Disaster Resource Network

APA's Disaster Resource Network (DRN) is a group of approximately 2,500 licensed psychologists across the U.S. and Canada who have expertise in the psychological impact of disasters on individuals, families and communities. Informed by psychological research, DRN members voluntarily engage in preparedness, response and recovery activities.

APA Disaster Resource Network

Recovering Emotionally From Disaster

Disasters such as hurricanes, earthquakes, transportation accidents or wildfires are typically unexpected, sudden and overwhelming. For many people, there are no outwardly visible signs of physical injury, but there can be nonetheless an emotional toll. It is common for people who have experienced disaster to have strong emotional reactions. Understanding responses to distressing events can help you cope effectively with your feelings, thoughts and behaviors, and help you along the path to recovery.

Resource For Recovering From Disaster

Recovering Emotionally After A Residential Fire

Residential fires can lead to significant emotional distress in addition to possible physical injuries. Losing your home in a fire involves not only the loss of your residence, but also many other things of value such as photo albums, important documents and treasured objects. Most importantly, though, the home is your place of security, comfort and safety. After a fire, this sense of security can also be lost and can significantly disrupt the normality of daily life. Below is a description of some emotions you may experience and steps you can take to recover.

Resource For Recovering After Residential Fire

How To Talk To Children About Difficult News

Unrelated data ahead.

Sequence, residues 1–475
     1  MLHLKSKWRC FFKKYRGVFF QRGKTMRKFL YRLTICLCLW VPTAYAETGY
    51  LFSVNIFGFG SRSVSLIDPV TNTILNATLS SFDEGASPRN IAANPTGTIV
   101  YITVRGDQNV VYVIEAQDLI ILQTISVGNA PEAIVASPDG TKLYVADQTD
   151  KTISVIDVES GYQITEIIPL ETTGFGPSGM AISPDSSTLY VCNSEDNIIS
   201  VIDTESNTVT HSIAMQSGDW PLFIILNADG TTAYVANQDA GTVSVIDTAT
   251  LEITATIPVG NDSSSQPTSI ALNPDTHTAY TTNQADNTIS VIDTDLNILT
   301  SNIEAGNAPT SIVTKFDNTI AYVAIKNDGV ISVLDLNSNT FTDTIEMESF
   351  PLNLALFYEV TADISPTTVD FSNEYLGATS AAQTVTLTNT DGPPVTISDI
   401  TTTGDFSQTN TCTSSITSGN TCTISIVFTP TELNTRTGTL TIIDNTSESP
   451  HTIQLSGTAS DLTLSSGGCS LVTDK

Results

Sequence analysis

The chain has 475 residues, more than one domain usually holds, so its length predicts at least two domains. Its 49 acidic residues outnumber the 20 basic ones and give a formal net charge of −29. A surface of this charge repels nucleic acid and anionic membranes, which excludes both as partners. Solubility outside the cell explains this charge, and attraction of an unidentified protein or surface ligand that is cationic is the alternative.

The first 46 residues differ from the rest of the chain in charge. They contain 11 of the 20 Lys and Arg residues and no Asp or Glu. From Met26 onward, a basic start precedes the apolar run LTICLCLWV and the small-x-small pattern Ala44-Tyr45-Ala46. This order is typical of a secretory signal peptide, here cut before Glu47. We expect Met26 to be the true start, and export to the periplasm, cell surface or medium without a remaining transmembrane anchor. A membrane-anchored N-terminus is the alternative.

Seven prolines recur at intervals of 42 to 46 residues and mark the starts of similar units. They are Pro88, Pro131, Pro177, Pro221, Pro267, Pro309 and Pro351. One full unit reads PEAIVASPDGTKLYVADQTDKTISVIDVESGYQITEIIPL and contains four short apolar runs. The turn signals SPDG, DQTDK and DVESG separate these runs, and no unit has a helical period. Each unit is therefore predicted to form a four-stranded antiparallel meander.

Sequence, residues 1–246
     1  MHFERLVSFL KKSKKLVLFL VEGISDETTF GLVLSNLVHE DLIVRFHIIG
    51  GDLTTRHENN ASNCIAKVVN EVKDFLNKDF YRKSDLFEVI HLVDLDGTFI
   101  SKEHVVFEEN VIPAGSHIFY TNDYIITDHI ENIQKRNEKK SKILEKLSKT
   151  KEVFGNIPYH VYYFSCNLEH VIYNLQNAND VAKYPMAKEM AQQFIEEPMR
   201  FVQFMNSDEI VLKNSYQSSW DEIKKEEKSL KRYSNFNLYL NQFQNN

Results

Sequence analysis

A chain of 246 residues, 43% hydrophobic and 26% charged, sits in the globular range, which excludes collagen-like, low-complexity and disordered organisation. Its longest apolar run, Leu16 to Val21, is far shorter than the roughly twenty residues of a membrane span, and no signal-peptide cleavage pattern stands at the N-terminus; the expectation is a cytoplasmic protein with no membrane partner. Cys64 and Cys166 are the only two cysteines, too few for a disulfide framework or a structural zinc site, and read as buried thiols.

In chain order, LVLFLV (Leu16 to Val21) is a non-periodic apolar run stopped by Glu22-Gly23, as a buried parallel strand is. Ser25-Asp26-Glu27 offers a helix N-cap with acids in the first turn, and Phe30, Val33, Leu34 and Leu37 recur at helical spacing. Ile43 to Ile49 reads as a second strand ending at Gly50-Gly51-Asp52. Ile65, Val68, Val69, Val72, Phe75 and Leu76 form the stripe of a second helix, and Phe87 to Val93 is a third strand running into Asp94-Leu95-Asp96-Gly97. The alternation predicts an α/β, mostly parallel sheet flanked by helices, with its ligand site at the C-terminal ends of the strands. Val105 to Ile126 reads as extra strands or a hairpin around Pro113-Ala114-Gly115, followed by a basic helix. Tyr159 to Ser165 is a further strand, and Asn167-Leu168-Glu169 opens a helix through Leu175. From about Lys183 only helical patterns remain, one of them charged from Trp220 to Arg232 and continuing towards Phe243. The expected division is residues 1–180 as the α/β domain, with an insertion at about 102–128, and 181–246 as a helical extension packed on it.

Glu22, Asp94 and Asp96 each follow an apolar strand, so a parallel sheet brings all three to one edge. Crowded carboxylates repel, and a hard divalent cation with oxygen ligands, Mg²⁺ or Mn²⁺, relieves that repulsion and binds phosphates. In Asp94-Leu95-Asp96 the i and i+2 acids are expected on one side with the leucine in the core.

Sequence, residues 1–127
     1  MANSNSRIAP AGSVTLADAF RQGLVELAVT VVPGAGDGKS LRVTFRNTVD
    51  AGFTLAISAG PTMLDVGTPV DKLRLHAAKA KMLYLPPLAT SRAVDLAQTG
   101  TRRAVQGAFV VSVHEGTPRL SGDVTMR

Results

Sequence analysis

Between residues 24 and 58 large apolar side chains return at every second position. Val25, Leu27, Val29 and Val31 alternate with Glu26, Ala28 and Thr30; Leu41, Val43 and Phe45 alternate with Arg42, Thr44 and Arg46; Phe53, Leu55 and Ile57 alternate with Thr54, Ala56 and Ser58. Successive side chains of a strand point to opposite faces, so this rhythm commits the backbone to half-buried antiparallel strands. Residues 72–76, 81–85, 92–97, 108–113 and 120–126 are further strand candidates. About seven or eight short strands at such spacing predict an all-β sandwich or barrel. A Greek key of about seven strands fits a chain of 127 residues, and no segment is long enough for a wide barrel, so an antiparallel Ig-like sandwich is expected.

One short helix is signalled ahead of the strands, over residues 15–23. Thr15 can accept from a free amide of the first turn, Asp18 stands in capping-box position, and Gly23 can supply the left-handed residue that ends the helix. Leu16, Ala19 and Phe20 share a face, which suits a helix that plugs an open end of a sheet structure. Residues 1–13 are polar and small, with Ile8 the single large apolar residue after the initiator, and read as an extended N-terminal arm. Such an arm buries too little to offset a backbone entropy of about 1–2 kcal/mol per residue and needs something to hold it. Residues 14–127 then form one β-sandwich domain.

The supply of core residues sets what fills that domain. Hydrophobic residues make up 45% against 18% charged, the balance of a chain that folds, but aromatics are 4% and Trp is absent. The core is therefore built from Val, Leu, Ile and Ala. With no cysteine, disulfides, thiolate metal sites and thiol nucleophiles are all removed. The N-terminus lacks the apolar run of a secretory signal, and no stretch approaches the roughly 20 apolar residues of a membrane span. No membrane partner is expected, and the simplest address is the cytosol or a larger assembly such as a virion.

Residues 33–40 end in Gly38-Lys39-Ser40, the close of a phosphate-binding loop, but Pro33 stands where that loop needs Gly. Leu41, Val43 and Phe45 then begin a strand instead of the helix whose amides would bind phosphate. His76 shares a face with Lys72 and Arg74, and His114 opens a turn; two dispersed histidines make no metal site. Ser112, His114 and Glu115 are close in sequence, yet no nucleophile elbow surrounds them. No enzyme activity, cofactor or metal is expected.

Children's lives are touched by trauma on a regular basis, no matter how much parents or teachers try to keep the "bad things" away. Instead of shielding children from the dangers, violence or tragedies around us, adults should talk to kids about what is happening. 

The conversation may not seem easy, but taking a proactive stance, discussing difficult events in age-appropriate language can help a child feel safer and more secure.

As much as adults may try to avoid difficult topics, children often learn or know when  something sad or scary happens. If adults don’t talk to them about it, a child may overestimate what is wrong or misunderstand adults’ silence.  So, be the first to bring up the difficult topic. When parents tackle difficult conversations, they let their children know that they are available and supportive.

Resource For Talking To Children

In The Aftermath Of A Shooting

As a parent, you may be struggling with how to talk with your children about a shooting rampage. It is important to remember that children look to their parents to make them feel safe. This is true no matter what age your children are, be they toddlers, adolescents or even young adults.

Resource For Helping After A Shooting

 

How Much News Coverage Is Ok For Your Child?

All of us have spent time listening to news coverage about tragic events, such as natural disasters, acts of terrorism and events with the loss of human life. We hear stories from survivors and are touched by their tales of heroism. Through these firsthand accounts, we may feel connected to a tragedy even if we are not personally involved.

As adults watch, so too do children. They may be playing in a room where the TV is tuned to coverage. They hear adults talking. They may not always understand what is being said, but sometimes that confusion can be a source of anxiety and worry.

Resource For News and Children

 

Managing Your Distress In The Aftermath Of A Shooting

You may be struggling to understand how a shooting could occur and why such a terrible thing would happen. There may never be satisfactory answers to these questions.

We do know, though, that it is typical for people to experience a variety of emotions following such a traumatic event. These feelings can include shock, sorrow, numbness, fear, anger, disillusionment, grief and others. 

Resources For You After A Shooting